Microsoft said it will drop its lawsuit against the Department of Justice over gag orders placed on companies that prevent them from telling customers when their personal data has been accessed by investigators. Its decision comes after the DOJ issued a new binding policy that requires prosecutors to give more detailed reasons when applying for a gag order and makes it much harder to seek one that lasts indefinitely.
In a blog post about the company’s decision to withdraw the lawsuit, which was filed against the U.S. government in April 2016, Microsoft president and chief legal officer Brad Smith wrote that the DOJ’s new policy “is an important step for both privacy and free expression. It is an unequivocal win for our customers and we’re pleased the DOJ has taken these steps to protect the constitutional rights of all Americans.”
The DOJ now requires prosecutors to “conduct an individualized and meaningful assessment regarding the need for protection from disclosure” and give specific reasons if they decide to apply for a gag order.
Smith said that while secrecy orders may be necessary in some cases, Microsoft’s lawsuit was “based on a growing and disturbing trend. We highlighted the fact that the government appeared to be overusing secrecy orders in a routine fashion--even where the specific facts didn’t support them--and were seeking indefinite secrecy orders in a large number of cases.”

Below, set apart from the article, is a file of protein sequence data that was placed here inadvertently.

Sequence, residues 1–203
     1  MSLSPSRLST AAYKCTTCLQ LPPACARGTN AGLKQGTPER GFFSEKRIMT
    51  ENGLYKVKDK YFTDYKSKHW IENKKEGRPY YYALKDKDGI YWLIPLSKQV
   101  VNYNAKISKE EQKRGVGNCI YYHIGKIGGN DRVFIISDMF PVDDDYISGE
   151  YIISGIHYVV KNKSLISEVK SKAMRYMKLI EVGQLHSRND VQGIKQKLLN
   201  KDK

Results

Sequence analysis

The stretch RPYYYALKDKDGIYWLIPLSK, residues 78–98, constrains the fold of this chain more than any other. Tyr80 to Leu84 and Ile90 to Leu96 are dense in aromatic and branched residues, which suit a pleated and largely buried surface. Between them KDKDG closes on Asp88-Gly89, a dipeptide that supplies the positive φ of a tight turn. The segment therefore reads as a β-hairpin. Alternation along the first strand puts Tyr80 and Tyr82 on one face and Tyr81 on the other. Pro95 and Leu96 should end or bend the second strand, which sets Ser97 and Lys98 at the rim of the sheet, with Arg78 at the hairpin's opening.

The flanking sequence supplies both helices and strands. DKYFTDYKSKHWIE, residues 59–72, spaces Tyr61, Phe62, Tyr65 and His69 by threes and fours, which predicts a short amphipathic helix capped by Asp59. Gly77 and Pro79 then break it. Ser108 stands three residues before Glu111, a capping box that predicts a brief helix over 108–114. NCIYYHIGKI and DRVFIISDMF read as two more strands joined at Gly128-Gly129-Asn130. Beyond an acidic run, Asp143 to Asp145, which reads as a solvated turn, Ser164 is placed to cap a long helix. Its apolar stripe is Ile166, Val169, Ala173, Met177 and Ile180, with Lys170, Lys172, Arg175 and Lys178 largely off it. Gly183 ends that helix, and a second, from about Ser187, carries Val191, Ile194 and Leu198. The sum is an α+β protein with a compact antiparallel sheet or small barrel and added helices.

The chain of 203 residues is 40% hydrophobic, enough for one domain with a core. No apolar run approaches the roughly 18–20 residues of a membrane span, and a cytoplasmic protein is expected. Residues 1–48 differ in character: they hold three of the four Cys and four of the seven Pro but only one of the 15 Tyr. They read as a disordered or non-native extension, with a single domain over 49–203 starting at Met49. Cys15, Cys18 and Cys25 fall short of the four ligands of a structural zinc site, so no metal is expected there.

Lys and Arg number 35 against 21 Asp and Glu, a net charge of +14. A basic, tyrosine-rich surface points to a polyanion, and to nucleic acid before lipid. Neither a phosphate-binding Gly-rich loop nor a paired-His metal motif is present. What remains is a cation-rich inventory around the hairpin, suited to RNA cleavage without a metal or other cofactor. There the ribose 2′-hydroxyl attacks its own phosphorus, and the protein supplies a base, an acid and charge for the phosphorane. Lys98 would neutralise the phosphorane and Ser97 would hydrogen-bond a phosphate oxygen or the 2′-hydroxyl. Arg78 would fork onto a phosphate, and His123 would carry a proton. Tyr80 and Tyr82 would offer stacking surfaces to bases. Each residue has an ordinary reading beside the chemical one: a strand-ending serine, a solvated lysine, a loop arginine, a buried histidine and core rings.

When Microsoft filed its lawsuit last year, it explained that over an 18-month-period, 2,576 of the legal demands it got from the U.S. government “included an obligation of secrecy,” while 68% appeared to contain “indefinite demands for secrecy.”
“Until today, vague legal standards have allowed the government to get indefinite secrecy orders routinely, regardless of whether they were even based on the specifics of the investigation at hand. That will no longer be true,” Smith wrote.
Microsoft is calling for Senate to advance the EPCA Modernization Act of 2017, which was introduced in July by Senators Mike Lee and Patrick Leahy to update privacy laws for electronic communication information served in third-party service providers, as well as geolocation information.
This article originally appeared on TechCrunch.